Yes, the above is almost exclusively from the perspective of Go and almost exclusively about code formatting. But Go is a language designed in service to software engineering, and probably the most common aspects of coding standards is formatting.

The question then is, why not extend your coding standards well beyond formatting?

Your standards should prescribe patterns

More importantly than coding conventions, your team standards should prescribe as many common coding patterns as you can reasonable codify, enabling them to in-fact reproduce effectively the same code across different times and with different developers.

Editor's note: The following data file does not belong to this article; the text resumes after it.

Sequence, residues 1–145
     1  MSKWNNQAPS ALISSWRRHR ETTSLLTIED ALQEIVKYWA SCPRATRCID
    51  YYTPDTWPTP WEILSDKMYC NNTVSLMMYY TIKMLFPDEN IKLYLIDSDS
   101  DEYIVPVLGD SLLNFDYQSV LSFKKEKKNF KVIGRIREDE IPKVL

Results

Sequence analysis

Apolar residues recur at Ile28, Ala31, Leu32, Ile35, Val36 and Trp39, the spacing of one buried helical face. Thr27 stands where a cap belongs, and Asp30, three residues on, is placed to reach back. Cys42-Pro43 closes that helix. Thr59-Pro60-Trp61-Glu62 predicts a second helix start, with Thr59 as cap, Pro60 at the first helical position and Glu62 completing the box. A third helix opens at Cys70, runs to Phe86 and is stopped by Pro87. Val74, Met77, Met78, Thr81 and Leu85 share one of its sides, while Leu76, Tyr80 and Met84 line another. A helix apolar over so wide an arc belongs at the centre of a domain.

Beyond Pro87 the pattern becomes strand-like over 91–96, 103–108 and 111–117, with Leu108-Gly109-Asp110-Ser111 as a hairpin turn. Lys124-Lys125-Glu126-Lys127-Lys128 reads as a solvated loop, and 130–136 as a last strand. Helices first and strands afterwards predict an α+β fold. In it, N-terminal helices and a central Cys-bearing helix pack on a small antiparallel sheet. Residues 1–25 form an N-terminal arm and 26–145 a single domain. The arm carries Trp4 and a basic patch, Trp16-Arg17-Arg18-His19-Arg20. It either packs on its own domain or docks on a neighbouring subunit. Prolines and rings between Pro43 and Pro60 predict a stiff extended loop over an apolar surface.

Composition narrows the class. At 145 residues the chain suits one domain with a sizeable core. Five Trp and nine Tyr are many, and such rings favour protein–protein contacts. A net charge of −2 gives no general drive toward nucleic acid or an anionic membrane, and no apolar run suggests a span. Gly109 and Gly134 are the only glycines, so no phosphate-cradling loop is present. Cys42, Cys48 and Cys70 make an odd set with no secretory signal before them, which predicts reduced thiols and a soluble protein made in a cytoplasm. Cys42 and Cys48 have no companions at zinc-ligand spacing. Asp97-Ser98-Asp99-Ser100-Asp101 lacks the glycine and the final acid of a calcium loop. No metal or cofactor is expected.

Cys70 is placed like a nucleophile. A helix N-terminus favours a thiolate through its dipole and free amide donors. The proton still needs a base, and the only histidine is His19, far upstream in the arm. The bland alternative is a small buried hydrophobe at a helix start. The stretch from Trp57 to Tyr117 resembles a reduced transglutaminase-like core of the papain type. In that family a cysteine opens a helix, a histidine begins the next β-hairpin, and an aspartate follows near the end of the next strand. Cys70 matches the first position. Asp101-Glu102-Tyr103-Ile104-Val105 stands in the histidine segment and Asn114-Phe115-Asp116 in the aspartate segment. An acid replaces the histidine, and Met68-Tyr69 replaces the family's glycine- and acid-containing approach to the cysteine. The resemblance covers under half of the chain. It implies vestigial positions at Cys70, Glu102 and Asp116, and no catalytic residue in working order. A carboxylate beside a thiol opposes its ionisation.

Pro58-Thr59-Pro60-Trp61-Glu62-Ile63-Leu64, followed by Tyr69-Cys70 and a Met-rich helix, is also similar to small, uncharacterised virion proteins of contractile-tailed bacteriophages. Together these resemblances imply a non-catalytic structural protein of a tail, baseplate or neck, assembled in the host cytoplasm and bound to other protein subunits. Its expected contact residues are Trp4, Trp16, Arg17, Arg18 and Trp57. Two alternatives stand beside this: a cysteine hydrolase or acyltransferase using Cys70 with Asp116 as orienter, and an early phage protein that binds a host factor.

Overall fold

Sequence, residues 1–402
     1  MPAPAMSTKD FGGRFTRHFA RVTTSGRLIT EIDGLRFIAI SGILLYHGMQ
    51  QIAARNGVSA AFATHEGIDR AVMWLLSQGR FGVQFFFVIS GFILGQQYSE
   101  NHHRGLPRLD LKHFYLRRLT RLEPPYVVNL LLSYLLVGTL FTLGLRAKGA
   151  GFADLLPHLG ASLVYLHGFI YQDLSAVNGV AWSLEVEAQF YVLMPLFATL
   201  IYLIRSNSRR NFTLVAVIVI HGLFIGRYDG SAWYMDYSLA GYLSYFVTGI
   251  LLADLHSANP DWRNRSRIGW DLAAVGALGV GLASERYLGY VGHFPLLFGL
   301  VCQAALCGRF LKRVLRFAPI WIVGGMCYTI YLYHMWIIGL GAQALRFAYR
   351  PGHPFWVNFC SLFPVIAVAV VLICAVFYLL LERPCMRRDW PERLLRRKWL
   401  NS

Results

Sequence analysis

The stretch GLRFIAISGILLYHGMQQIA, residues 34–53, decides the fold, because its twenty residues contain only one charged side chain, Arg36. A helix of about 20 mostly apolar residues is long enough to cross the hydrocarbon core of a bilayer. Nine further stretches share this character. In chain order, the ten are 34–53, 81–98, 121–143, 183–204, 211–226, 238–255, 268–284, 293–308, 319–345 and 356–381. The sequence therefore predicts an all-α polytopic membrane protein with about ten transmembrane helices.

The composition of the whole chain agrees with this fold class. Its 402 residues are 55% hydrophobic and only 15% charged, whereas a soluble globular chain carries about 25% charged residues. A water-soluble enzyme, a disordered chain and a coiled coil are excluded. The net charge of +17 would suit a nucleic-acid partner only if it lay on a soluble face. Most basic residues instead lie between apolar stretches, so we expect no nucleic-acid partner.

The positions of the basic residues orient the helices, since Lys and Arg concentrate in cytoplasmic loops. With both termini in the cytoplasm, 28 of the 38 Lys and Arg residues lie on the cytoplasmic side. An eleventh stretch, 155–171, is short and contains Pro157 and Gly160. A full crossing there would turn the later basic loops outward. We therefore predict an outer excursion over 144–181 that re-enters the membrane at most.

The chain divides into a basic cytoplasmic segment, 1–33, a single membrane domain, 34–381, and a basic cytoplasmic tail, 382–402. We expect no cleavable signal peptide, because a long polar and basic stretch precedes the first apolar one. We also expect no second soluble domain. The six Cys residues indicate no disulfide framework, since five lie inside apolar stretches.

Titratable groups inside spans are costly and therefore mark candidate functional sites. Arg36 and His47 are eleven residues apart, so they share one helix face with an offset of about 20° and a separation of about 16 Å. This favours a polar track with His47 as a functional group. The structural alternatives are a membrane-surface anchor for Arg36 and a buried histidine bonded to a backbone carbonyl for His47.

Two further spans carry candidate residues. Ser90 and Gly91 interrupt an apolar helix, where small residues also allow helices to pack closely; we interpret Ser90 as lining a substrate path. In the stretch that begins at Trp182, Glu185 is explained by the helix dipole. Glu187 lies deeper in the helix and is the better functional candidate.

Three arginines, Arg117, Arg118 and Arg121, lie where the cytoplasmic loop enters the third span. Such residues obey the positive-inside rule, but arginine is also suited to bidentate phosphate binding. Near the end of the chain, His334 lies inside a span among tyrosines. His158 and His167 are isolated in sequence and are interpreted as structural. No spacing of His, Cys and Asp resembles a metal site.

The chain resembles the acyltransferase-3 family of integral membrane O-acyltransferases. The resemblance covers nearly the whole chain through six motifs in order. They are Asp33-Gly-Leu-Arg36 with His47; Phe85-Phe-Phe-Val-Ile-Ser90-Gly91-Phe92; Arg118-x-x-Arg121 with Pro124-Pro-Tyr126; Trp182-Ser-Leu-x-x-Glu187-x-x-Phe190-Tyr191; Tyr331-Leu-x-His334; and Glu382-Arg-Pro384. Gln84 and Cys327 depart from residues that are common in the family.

Note I am not referring to low-level Gang of four design patterns but instead higher-level coding patterns that are typically specific to the language(s), library(s), framework(s) and/or CMS(es) that you use to deliver your software solutions.

Standards shouldn’t need good judgment

The best coding patterns are ones you do not have to think about but instead that you just apply. The thinking should have been done when the patterns were developed, and then during coding you should just apply them.

Now you might argue that this makes programming uncreative, a rote task, and one that does not leverage the intelligence of the developer. But nothing could be further from the truth.

You can never codify everything into a code pattern or standard, so there will always be problems to solve. Standardizing the code patterns once and then reusing them allows more time to tackle the hard, interesting problems that energizes most developers, not the least of which is because said standardization can significantly reduce the number of bugs you need to track down.